comment:12 in reply to: ↑ 11 Changed 5 years ago by nthiery

I Travis!

Replying to tscrim:

I'm okay with the hashability as we assume all elements to be hashable

Well, this hashabilitiy assumption was not there before this ticket. So technically speaking that's a backward incompatible change. I agree that in all use cases I can think of, the objects are hashable, so it probably is not a big deal.

, nor is picklability important to me. However this now makes rank_from_list to be the O(n) function, and the function itself is not cached. So for large lists (or worse, say for a crystal where iteration is relatively expensive), this could lead to a pretty large slowdown. How about we just return the original implementation of rank as a cached function?

When rank_from_list is called, that's usually with the intention of calling it intensively afterward; in particular the ranker is typically stored in the calling object for all later reuse. At least, that's the case in all the current calls in the Sage library.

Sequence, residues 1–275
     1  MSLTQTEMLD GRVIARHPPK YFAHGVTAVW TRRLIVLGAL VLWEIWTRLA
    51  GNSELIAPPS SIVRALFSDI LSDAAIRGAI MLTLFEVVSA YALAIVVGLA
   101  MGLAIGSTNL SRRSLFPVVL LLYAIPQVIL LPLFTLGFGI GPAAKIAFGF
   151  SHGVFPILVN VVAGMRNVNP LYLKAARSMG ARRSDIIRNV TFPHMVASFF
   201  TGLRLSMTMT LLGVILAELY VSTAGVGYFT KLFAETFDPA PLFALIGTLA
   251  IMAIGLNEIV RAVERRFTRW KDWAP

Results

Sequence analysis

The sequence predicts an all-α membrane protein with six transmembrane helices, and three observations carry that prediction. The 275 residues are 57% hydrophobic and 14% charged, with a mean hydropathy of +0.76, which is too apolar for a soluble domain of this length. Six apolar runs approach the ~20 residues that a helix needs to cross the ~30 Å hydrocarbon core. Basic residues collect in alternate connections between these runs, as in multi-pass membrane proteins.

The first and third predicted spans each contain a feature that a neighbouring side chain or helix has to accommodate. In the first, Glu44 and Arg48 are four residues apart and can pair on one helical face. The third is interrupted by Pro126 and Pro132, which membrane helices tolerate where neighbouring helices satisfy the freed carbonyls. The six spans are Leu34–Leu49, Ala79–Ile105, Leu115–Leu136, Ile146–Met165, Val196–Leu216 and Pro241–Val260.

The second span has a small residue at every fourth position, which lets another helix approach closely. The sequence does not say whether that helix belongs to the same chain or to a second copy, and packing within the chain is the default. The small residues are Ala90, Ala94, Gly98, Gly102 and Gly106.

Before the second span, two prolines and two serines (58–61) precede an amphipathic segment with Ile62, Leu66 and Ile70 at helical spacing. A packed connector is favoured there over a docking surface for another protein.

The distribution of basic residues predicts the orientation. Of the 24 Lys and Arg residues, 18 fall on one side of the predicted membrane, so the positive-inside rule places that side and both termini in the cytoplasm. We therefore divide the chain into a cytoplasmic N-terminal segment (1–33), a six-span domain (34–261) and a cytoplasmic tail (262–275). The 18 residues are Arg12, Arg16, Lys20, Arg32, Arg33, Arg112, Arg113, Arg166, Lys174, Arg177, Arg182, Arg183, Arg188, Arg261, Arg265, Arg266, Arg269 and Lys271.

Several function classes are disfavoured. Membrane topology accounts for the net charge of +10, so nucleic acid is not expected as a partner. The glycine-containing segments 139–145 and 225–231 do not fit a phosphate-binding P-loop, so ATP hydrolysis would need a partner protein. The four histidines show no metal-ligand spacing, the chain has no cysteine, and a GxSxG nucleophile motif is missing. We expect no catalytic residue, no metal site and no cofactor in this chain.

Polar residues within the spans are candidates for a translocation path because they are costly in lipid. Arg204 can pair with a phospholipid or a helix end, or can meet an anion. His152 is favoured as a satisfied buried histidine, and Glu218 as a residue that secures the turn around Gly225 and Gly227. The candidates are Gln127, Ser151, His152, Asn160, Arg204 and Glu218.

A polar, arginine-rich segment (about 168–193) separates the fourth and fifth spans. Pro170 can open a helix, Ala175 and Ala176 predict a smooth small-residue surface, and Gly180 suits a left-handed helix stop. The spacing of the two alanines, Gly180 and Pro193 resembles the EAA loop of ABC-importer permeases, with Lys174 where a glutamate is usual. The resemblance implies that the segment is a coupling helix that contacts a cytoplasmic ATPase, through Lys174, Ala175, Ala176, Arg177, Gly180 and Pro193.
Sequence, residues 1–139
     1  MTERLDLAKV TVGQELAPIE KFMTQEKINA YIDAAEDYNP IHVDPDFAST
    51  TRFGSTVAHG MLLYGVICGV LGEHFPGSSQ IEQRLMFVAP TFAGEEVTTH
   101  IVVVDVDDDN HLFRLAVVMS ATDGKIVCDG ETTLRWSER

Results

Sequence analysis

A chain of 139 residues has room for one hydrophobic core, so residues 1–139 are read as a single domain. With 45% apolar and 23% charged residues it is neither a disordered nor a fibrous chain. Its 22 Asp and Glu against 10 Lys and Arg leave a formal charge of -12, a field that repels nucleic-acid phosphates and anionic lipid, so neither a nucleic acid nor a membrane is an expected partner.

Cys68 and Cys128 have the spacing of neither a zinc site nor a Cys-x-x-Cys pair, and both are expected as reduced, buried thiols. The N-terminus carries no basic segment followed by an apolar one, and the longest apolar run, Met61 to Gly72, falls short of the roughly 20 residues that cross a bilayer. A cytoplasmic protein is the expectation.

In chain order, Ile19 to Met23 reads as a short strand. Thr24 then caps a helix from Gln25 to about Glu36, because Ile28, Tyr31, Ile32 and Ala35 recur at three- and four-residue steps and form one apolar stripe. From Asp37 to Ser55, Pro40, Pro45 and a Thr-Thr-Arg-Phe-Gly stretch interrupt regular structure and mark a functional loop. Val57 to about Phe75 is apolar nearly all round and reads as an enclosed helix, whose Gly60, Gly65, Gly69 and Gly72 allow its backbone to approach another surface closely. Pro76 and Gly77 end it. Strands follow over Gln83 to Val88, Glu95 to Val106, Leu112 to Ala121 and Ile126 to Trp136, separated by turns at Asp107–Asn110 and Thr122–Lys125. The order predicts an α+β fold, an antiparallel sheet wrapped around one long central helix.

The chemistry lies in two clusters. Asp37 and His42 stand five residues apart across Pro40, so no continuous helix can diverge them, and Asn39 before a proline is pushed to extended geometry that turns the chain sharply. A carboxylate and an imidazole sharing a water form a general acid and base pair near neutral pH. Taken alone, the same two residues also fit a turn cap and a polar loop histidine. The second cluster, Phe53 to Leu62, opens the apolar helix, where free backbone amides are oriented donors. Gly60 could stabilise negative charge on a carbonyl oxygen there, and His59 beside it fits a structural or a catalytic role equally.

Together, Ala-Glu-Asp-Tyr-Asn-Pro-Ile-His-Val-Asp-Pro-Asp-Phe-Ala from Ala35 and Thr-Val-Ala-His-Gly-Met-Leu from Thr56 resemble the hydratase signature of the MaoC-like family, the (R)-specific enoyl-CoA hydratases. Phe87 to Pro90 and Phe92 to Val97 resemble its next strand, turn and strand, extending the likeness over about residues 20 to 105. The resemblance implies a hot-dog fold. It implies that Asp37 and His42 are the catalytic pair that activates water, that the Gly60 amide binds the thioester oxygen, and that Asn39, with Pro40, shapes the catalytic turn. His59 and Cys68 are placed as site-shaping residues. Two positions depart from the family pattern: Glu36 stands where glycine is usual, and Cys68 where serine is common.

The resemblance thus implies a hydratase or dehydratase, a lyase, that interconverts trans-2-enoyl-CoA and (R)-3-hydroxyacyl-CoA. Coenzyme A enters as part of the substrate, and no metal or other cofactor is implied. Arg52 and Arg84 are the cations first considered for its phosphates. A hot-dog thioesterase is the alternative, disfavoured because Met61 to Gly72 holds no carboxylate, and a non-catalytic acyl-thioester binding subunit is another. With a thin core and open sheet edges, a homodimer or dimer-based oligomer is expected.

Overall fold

Being completely lazy and implementhing rank_from_list as a cached function on top of list.index would imply an overhead of O(n^2) instead of O(n) before we reach the limit state where the complexity in O(1); not great. We could introduce some partial lazyness, making sure that the first time an object x is looked up, the cache is set for all objects before x in the list. What do you think? Is it worth it?

A note: the name from_list makes it relatively explicit that the iterable will be expanded anyway.

Cheers,

Nicolas

comment:13 Changed 5 years ago by git

  • Commit changed from 32d5cea664e153895d663b5913e45d03b8c0a305 to 220cf7c58941afb5e775842da73e2291a800e0d9

Branch pushed to git repo; I updated commit sha1. New commits:

220cf7c6484: make rank_from_list's ValueError message for string objects identical to the previous one

comment:14 Changed 5 years ago by nthiery

This should fix the single error reported by the patchbot.

comment:15 Changed 5 years ago by tscrim

True, that would end up being O(n^2). Since this seems to only be used in 2 places, combinat.free_module.py and sets.finite_set_maps.py, and in both places, the resulting function is cached, I think this would be okay as is. However, would you mind putting a warning about repeatedly recreating the function?

comment:16 Changed 5 years ago by vdelecroix

You know that with @cached_function instead of a plain dictionary you are building a 2-tuple containg a tuple enclosing the object and an empty tuple?

sage: r = rank_from_list(range(10))
sage: r.get_cache()
{((0,), ()): 0,
 ((1,), ()): 1,
 ((2,), ()): 2,
 ((3,), ()): 3,
 ((4,), ()): 4,
 ((5,), ()): 5,
 ((6,), ()): 6,